and very largely sold to foreigners, solely 
to increase the wealth of individuals and 
to the absolute impoverishment of ourselves 
and our children.* 

I will here add one other argument 
which goes to the root of the matter by 
showing that the alleged owners of mine- 
rals have not even a legal title to them. 
It is, I believe, a maxim of law that public 
rights cannot be lost by disuse. Landed 
estates were, in our country, created by 
the Norman Conqueror to be held subject 
to the performance of feudal duties. Deep- 
seated minerals were then not known to 
exist, and were not (I believe) specifically 
included in the original grants. Except, 

* I pointed this out forty years ago in an article entitled 
Coal a National Trust, which I republished twelve years ago 
in my Studies, Scientific and Social (Vol. II., Chap. VIII.). 

45 



Environment and Moral Progress 

therefore, where they have since been made 
private property by Act of Parliament, 
they still remain public property. I sub- 
mit, therefore, that they may be both 
legally and equitably resumed by the 
Government as public property, and worked 
for the good of the public and of posterity. 
Compensation to the supposed present 
owners would be a matter of favour, not 
of right. 



CHAPTER IX 

INSANITARY DWELLINGS AND LIFE- 
DESTROYING TRADES 

THE enormous difference between town and 
country dwellers as regards duration of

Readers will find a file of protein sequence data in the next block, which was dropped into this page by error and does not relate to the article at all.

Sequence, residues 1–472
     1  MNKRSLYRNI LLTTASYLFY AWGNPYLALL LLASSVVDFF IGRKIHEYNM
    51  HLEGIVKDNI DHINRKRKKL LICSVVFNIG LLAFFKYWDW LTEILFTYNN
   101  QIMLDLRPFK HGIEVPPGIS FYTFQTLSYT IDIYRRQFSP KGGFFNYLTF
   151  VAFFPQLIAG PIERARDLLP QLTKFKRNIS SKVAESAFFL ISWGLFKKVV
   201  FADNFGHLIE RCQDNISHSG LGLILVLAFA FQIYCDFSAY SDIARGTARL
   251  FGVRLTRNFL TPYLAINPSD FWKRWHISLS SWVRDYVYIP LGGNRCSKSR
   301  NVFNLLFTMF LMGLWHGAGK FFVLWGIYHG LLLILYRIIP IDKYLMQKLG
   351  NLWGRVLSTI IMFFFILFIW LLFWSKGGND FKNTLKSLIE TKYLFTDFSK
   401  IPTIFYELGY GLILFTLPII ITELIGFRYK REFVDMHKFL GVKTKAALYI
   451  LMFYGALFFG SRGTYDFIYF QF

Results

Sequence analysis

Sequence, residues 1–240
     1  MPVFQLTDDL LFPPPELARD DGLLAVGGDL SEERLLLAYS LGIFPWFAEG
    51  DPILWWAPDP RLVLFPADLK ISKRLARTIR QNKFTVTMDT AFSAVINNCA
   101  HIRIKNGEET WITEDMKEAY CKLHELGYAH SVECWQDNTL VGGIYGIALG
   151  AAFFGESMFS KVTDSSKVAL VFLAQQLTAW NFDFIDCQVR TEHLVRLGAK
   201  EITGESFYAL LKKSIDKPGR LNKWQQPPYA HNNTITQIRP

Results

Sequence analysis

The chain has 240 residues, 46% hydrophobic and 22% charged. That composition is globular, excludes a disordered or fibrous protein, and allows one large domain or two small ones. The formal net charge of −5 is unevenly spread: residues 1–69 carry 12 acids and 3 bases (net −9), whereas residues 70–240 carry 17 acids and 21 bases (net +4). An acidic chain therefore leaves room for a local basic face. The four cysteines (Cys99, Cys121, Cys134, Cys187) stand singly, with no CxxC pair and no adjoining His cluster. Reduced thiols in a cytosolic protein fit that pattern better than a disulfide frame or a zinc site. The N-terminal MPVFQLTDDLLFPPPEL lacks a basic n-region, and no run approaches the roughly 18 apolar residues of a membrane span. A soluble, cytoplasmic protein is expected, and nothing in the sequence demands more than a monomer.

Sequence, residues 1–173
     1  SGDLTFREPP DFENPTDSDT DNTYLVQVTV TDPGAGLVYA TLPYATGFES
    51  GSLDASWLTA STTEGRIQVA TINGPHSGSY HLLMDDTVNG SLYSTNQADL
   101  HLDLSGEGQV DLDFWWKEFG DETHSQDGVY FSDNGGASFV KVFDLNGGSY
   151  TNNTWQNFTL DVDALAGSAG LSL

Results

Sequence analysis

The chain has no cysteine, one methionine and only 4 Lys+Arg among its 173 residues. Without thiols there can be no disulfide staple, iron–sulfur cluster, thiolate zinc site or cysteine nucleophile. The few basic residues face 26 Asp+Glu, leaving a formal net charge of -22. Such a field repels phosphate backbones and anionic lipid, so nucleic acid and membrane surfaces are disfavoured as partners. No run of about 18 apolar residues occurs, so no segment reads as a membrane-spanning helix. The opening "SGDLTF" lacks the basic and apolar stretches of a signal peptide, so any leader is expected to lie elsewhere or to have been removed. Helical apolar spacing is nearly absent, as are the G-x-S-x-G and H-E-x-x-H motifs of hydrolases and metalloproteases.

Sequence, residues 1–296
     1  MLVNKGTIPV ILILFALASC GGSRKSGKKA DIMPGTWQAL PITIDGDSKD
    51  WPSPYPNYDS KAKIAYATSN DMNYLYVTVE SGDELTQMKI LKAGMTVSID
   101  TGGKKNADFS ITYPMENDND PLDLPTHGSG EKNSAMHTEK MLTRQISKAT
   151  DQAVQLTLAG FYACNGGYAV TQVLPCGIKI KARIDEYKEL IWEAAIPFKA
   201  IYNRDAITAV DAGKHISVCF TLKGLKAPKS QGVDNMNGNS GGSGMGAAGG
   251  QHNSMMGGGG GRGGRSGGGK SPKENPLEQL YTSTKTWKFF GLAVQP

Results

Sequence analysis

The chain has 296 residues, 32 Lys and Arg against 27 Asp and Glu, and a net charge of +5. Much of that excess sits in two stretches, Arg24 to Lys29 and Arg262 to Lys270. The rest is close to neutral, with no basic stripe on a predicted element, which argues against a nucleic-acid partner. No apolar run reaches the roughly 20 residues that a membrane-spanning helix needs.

life and the prevalence of zymotic diseases 
has been known statistically since the era 
of registration, and a body of Health 
Officers have been set up to report upon 
the worst cases. The local authorities have 
power to compel the owners of unhealthy 
dwellings to put them into a sanitary con- 
dition, or even order them to be entirely 
rebuilt. But as many of the members of 
Corporations and other Local Boards are 
often themselves owners of such property, 
or have intimate friends who are so, very 
little has been done to remedy the evil. 
Again and again, in all parts of the country, 
the Health Officers have duly reported, but 
their reports have been ignored. In some 
cases where the Health Officer has been 
too persistent, he has been asked to resign 

47 



Environment and Moral Progress [CH. 

or has been discharged. A few general 
facts may be here given. 

By the last complete Census returns 
(1901), there are in England and Wales 
7,036,868 tenements, and of these 3,286,526, 
or nearly half, have from one to four rooms 
only. In London, out of a total of 1,019,646 
tenements, 672,030, or considerably more